Date of Award


Document Type


Degree Name

Doctor of Philosophy (PhD)


School of Mathematical and Statistical Sciences

Committee Chair/Advisor

Fei Xue

Committee Member

Qingshan Chen

Committee Member

Lea Jenkins

Committee Member

Matthew Saltzman


This study concerns two main issues in numerical linear algebra: convergence estimate of minimal residual methods based on explicit construction of approximate min-max polynomials for in- definite matrices, and development and analysis of Krylov subspace methods using non-orthonormal basis vectors based on random sketching. For a matrix A with spectrum Λ(A), it is well known that the min-max polynomial problem min max |pk (z)| pk ∈Pk, pk (0)=1, z∈Λ(A) is used to bound the relative error of Krylov subspace minimum residual methods or similar methods. For a symmetric positive definite matrix A, the min-max polynomial for the Conjugate Gradient (CG) algorithm is explicitly known, and in certain cases, provides a sharp bound. We provide an explicit construction for real, symmetric indefinite and nonsymmetric matrices, adding to the limited results found in the literature. It is also well known that minimum residual methods converge slowly when the spectrum of A is large, or the ratio of the largest to smallest eigenvalues (in modulus) is large. As the eigenvalues along the exterior of Λ(A) are resolved, minimum residual methods experience an acceleration in convergence. Subspace recycling takes advantage of this by approximating the subspace spanned by eigenvectors corresponding to the k smallest eigenvalues, and using those k basis vectors to start the Krylov subspace in the next iteration (deflated restart) or linear system (subspace recycling). We consider subspace recycling as it applies to the GCRO algorithm. To reduce the cost associated with full orthogonalization, we use random sketching to form a non-orthonormal basis, allowing us to reduce computation cost while still preventing the basis vectors from getting too ill-conditioned. Then we extend this practice to constructing non-orthonormal basis vectors for Krylov subspace methods for approximating the matrix exponential times a vector and approximating the largest singular triplets. Our methodology is also effective to save considerable orthogonalization cost in these problem settings, without obviously slowing down the convergence of the original algorithms. We discuss insights into the convergence (error analysis) of the sketched variants. The discussions of linear system solvers, matrix exponential times a vector, and dominant singular triplets cover a range of fundamental numerical linear algebra problems for large (and typically sparse) matrices.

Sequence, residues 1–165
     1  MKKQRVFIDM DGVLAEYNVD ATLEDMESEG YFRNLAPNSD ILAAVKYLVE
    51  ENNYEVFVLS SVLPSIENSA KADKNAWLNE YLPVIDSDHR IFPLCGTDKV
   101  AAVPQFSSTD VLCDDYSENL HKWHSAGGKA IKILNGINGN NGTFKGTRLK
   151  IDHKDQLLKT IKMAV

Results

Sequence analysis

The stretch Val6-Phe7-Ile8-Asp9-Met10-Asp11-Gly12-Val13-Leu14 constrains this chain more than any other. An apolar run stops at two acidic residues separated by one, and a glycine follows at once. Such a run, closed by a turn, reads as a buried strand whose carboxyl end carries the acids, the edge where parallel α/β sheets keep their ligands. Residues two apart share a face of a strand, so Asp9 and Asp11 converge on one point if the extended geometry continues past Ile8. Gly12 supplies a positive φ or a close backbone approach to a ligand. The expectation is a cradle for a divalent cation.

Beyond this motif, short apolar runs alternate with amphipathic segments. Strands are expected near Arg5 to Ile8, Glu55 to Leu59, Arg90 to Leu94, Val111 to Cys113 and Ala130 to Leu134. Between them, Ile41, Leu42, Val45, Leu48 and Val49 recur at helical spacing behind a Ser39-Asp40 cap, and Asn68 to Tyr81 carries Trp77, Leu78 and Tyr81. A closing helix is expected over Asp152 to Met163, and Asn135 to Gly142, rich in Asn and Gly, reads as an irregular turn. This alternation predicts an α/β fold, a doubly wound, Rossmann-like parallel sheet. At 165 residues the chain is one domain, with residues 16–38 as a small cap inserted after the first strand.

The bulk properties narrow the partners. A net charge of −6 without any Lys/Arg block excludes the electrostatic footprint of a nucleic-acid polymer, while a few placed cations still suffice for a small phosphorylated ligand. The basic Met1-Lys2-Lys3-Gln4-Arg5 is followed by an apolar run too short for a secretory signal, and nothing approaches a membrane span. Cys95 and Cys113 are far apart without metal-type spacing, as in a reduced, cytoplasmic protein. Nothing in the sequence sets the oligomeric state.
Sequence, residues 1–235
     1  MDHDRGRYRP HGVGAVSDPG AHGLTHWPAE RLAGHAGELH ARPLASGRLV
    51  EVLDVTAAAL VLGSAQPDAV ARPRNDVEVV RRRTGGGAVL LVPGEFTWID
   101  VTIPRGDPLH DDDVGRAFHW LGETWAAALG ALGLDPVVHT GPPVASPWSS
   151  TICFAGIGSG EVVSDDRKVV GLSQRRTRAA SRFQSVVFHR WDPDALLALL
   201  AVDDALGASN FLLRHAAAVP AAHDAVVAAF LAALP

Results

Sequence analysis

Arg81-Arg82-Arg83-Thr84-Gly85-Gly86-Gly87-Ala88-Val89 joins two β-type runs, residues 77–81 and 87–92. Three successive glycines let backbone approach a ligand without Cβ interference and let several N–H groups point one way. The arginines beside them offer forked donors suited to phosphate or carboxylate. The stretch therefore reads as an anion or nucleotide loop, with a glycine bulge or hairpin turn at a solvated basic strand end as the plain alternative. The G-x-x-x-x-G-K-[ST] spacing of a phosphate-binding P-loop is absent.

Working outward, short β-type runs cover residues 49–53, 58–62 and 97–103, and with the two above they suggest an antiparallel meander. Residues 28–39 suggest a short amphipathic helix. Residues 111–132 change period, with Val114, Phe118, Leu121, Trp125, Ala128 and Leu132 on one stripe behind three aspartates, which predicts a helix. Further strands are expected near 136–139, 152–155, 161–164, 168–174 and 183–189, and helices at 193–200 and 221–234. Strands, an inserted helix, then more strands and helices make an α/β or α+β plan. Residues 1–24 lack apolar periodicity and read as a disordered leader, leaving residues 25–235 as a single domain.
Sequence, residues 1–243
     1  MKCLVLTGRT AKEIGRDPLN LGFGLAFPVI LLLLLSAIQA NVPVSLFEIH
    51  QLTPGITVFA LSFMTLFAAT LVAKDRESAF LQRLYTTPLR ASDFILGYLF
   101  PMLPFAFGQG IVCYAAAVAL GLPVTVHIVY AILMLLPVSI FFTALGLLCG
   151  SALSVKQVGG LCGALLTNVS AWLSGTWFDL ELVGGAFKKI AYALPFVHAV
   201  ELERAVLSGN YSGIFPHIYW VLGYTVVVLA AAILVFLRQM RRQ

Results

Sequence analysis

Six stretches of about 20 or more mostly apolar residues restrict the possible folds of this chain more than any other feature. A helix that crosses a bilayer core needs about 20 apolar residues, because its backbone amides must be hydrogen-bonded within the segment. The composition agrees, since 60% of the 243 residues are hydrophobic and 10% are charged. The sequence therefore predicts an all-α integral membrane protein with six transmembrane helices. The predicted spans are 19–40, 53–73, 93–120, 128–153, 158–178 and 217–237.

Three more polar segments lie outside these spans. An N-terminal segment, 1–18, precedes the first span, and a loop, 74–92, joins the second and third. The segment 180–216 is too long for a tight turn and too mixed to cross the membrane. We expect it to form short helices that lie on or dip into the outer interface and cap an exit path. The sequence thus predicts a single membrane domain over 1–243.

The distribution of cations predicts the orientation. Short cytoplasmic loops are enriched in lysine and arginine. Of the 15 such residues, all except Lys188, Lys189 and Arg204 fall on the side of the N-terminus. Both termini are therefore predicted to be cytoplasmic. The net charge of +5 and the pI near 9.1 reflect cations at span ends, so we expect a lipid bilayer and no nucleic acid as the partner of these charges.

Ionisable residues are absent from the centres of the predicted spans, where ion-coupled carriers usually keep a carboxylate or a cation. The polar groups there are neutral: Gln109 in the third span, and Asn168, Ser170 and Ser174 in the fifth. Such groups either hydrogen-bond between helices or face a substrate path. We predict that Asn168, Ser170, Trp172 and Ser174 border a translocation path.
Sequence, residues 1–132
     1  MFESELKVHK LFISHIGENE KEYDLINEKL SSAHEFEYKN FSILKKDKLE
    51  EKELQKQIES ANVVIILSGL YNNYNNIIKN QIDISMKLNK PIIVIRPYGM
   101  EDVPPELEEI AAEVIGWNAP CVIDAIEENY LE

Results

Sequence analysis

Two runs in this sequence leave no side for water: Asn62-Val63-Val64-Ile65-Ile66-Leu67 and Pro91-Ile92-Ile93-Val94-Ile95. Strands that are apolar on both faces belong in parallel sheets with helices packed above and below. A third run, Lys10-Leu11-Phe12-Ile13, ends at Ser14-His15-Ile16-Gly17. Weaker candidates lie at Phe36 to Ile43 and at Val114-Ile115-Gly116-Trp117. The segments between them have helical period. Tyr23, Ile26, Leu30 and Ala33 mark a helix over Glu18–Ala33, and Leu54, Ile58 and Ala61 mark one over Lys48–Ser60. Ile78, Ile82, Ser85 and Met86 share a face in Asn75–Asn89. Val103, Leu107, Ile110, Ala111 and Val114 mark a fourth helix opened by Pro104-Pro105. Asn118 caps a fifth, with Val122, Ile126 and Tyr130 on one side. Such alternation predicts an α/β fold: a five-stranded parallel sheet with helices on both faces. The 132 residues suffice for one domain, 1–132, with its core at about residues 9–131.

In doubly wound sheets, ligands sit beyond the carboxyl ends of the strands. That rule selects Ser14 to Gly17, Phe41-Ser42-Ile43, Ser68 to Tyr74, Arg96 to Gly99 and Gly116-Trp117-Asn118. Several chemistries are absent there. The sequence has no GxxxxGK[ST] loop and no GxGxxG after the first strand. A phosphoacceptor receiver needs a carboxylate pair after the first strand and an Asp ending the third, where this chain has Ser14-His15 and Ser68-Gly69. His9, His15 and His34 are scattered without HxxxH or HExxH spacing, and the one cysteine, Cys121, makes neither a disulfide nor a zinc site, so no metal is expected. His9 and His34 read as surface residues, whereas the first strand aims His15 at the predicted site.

To view the content in your browser, please download Adobe Reader or, alternately,
you may Download the file to your hard drive.

NOTE: The latest versions of Adobe Reader do not support viewing PDF files within Firefox on Mac OS and if you are using a modern (Intel) Mac, there is no official plugin for viewing PDF files within the browser window.